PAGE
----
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“There is Space, and There are Limits”: The Challenge of Teaching Controversial Topics in an Illiberal Democracy


by Li-Ching Ho, Theresa Alviar-Martin & Enrique Niño P. Leviste — 2014


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Cite This Article as: Teachers College Record Volume 116 Number 5, 2014, p. 1-28
http://www.tcrecord.org ID Number: 17436, Date Accessed: 12/16/2017 11:55:09 AM
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About the Author
  • Li-Ching Ho
    National Institute of Education, Singapore
    E-mail Author
    LI-CHING HO is an assistant professor of social studies education at the National Institute of Education, Nanyang Technological University, Singapore. Her research interests include democratic and multicultural citizenship education. Her recent publications include “Sorting citizens: Differentiated citizenship education in Singapore,” Journal of Curriculum Studies (2012) and “Civic disparities: Exploring students’ perceptions of citizenship within Singapore’s academic tracks,” Theory and Research in Social Education (2011).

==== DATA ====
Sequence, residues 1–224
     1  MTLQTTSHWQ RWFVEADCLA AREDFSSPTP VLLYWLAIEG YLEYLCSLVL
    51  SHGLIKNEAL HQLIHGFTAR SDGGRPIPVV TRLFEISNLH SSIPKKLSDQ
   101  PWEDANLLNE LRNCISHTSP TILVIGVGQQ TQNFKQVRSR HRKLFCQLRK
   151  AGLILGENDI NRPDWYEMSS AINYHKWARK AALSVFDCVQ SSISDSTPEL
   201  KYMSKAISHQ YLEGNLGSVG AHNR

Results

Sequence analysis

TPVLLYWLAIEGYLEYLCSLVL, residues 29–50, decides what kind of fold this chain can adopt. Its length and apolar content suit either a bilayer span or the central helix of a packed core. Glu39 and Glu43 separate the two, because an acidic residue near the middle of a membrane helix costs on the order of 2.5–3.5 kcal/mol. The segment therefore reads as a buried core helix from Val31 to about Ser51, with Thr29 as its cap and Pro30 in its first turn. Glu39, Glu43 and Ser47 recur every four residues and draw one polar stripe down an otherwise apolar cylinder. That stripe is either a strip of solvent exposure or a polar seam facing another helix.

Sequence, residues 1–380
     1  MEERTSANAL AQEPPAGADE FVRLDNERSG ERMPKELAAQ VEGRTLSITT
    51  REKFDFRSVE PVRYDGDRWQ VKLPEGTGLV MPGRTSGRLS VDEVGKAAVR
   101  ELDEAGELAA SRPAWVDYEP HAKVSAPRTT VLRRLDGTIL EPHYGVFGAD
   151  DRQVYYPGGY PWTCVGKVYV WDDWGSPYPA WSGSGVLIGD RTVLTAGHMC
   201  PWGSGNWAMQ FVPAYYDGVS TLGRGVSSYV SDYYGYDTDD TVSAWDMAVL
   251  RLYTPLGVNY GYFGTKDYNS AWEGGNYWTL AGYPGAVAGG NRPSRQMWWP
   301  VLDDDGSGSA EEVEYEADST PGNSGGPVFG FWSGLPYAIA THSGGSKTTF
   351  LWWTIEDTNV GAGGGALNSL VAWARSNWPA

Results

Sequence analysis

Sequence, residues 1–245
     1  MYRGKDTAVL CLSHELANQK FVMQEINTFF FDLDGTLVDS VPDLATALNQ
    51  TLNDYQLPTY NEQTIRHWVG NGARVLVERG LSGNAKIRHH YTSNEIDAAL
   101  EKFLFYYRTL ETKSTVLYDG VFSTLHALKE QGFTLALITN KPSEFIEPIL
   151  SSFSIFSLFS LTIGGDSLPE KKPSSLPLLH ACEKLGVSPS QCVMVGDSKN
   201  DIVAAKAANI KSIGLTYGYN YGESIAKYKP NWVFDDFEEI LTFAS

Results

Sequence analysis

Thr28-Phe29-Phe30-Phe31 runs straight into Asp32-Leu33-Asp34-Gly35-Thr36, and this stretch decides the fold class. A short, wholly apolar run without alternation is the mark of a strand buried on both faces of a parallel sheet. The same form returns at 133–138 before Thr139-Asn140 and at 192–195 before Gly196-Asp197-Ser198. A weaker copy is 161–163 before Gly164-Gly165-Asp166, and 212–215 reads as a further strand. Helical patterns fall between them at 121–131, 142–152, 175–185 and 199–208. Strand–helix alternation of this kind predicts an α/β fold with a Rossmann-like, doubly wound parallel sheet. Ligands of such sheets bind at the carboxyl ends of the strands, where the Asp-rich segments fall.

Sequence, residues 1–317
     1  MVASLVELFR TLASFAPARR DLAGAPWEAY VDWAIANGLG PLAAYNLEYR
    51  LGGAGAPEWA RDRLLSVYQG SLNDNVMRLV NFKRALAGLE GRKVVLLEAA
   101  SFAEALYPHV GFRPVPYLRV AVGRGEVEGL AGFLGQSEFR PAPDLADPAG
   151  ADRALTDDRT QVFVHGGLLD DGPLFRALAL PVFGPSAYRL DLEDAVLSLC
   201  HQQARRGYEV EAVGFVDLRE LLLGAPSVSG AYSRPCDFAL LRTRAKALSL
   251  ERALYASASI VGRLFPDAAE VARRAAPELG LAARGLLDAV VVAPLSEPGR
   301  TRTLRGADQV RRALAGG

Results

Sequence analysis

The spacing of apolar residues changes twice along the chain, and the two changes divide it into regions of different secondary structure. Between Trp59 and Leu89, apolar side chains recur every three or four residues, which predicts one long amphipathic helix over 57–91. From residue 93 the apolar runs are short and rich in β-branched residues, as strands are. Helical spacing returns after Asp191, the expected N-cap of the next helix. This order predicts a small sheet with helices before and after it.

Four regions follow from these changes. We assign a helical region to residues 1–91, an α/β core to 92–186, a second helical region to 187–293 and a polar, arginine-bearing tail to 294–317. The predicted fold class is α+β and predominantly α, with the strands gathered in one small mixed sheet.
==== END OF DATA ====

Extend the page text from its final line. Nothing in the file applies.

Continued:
• Theresa Alviar-Martin
    Hong Kong Institute of Education
    E-mail Author
    THERESA ALVIAR-MARTIN is an assistant professor at the Hong Kong Institute of Education. Her research focuses on curriculum development, instruction, and learning of democratic citizenship from multicultural, global, and comparative perspectives. Recent publications include "Reconciling Multiple Conceptions of Citizenship: International School Teachers Beliefs and Practice" in the Journal of Education and "Curriculum Integration in Singapore: Teachers' Perspectives and Practice" in Teaching and Teacher Education.
  • Enrique Leviste
    Ateneo de Manila University
    E-mail Author
    ENRIQUE NIÑO P. LEVISTE is an assistant professor at the Ateneo de Manila University. He earned his PhD in sociology from National University of Singapore in 2011. His research interests include political sociology, sociology of education, and democratization in Southeast Asia.
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